List: Worst Venture Investments of All Time

Inside CRM has out an amusing list of the worst venture investments of all time. While I don’t disagree with the contents in general, I would put Webvan ahead of Ampd (even if Om might disagree).

My other comment: Why the hell does biotech get off so easy? Over-capitalized disasters are legion in that unpredictable business, and yet biotech bombs are nowhere to be seen in the list.

  1. Amp’d Mobile: Amp’d Mobile takes the crown for money-burning, with $360 million that ended in bankruptcy. The company’s major problem was its customers’ ability to pay. While other mobile providers check for an ability to pay bills within 30 days, Amp’d let it go to 90 days and marketed to these risky customers. It has been reported that 80,000 of the company’s 175,000 customers were unable to pay their bills.
  2. Procket: Networking company Procket was once one of the most highly valued telecom startups in the U.S. It had $272 million in venture-capital funding and a valuation of $1.55 billion but was ultimately sold to industry behemoth Cisco Systems Inc. for a disappointing $89 million.
  3. Webvan: Webvan was a grocery-delivery business that served nine metropolitan areas. Once valued at $1.2 billion with plans to expand to 26 cities, the company went bankrupt in 2001. Despite millions in sales, the company’s demise was brought on by a money-burn that exceeded sales growth. Major purchases included $1 billion for warehouses, enterprise servers and more than 100 Aeron chairs. Additionally, it acquired HomeGrocer just a few months before going under. This fast expansion proved to be too much for Webvan. This company that once had about $800 million in venture capital ended up with $830 million in losses, with about $40 million on hand.
  4. Caspian Networks: Caspian Networks, originally founded as Packetcom Inc., had a number of ups and downs, including a washout in 2002; the company finally shut down in 2006. Caspian Networks fluctuated from more than $300 million in funding and 323 employees to less than 100 employees and closed doors.
  5. Pets.com: This icon of the dot-com bubble died out in November of 2000, going from a listing in NASDAQ to liquidation in just nine short months. The site sold pet supplies and accessories online. Once backed with $50 million by Hummer Winblad Venture Partners, Bowman Capital, and Amazon.com Inc., Pets.com had promise and even bought out competitor Petstore.com. But in the end, its stock bottomed out at 19 cents per share. Remembered for its sock-puppet ads, the expense of its $1.2 million Super Bowl ad, as well as large infrastructure investments, proved to be too much. Pets.com’s sock puppet lives on as the icon of BarNone Inc.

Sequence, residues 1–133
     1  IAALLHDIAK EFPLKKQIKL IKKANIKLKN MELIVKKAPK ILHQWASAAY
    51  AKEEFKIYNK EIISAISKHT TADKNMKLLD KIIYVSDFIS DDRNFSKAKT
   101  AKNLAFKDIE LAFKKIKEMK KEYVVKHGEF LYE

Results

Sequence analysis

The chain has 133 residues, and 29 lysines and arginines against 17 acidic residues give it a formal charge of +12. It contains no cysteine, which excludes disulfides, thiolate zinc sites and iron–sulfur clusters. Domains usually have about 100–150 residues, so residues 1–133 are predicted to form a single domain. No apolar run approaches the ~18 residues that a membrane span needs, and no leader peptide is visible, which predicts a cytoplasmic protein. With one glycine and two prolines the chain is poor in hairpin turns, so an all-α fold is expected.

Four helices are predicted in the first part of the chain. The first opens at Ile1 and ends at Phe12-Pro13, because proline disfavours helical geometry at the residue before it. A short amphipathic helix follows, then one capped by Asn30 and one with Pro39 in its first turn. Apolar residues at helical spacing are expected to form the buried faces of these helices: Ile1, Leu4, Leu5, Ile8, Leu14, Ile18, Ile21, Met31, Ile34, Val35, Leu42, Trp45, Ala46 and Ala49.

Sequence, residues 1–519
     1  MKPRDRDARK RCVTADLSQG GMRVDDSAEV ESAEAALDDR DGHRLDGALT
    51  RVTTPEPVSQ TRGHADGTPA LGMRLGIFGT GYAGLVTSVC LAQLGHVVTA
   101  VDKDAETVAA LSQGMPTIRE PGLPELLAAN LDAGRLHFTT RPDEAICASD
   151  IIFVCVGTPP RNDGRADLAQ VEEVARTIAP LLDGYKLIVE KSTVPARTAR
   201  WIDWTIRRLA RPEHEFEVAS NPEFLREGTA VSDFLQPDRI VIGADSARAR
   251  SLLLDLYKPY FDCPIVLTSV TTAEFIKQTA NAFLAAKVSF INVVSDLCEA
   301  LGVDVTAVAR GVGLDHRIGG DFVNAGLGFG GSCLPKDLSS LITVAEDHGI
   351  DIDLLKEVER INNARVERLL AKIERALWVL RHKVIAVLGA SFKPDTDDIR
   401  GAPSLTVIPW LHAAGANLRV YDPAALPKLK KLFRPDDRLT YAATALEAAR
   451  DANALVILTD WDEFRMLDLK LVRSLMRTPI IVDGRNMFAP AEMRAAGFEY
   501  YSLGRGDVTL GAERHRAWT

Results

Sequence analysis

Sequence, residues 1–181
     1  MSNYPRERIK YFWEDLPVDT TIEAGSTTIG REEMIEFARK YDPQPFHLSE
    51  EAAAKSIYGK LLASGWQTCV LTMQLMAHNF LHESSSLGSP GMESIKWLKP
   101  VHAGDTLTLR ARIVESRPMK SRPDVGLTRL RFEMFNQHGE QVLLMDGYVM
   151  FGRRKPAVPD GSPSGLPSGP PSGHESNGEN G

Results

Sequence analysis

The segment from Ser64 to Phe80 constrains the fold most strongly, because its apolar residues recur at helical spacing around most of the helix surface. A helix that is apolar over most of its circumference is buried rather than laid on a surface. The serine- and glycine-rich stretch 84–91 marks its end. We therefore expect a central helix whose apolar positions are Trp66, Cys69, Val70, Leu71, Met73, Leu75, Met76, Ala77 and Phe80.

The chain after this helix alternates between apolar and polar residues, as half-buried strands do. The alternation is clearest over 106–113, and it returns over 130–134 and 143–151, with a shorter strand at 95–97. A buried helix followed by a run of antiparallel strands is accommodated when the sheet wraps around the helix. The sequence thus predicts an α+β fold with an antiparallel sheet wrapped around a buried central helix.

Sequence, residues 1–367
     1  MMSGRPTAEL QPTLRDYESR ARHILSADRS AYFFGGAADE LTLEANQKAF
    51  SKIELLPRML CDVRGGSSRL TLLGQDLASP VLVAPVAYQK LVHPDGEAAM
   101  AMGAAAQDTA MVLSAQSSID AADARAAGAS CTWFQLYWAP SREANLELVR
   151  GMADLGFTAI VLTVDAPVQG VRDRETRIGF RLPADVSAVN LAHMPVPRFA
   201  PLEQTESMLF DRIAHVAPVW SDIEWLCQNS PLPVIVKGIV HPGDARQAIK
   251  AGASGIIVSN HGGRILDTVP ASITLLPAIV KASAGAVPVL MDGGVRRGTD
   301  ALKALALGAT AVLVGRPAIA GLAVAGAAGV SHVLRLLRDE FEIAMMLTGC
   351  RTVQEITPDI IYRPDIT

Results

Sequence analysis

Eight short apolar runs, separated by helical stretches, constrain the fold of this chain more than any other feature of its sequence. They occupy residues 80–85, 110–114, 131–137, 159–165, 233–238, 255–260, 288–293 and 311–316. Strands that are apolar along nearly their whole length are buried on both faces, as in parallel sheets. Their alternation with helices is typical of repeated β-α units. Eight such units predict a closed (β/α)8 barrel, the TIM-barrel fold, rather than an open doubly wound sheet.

Rest of list can be found here.

Related posts:

  1. Flight to (Perceived) Quality & First-Time Venture Funds
  2. Howard Anderson on Software: There Are No Good Investments
  3. Funding First-Time Venture Funds
  4. A New Venture Fund Bubble?
  5. Venture Exits in 2006: Life Sciences Sees Big Gains

Comments

  1. reeb says:

    I think that the risk reward formula for Biotech has not actually developed yet. Simply put – longer term Biotech will be the bastion of hope for many science … it is still a quite young science.

  2. rick says:

    man if they can only come up with FastForward and Optiva,they haven’t done their homework!
    What about Nexsi Systems who blew thru at least $110 mil in 3 years(!) when one of their venture investors (from Sequoia, no less!) came in to run the place. He made smart moves like buying their building(!) next to the Cisco campus. When they shut the doors they left $1mil of half-finished boxes on the production line at Flex.
    http://www.lightreading.com/document.asp?doc_id=14170
    http://www.lightreading.com/document.asp?doc_id=23203
    Good times.

  3. rick says:

    btw – the same guy blew thru more that a quarter billion(!) bucks at Mahi Networks before they gave up and merged it into Meriton for peanuts.
    http://www.opticalkeyhole.com/obspost/meritonnetworks.asp

  4. Curtis Abbott says:

    Hey, back in the 80′s Trilogy burned through about $500M in today’s dollars. How quickly we forget!

  5. One of the main problems is that VC’s want to do BIG deals instead of giving companies what they really need. Many only need $2-5MM and there are very few who want to invest so little!!! Too much money can cause managerial hubris at many of the small companies.

  6. RG says:

    I’m pretty sure Trilogy’s number from #4 is wildly inflated. In any case Trilogy burned through its profits, which isn’t quite the same.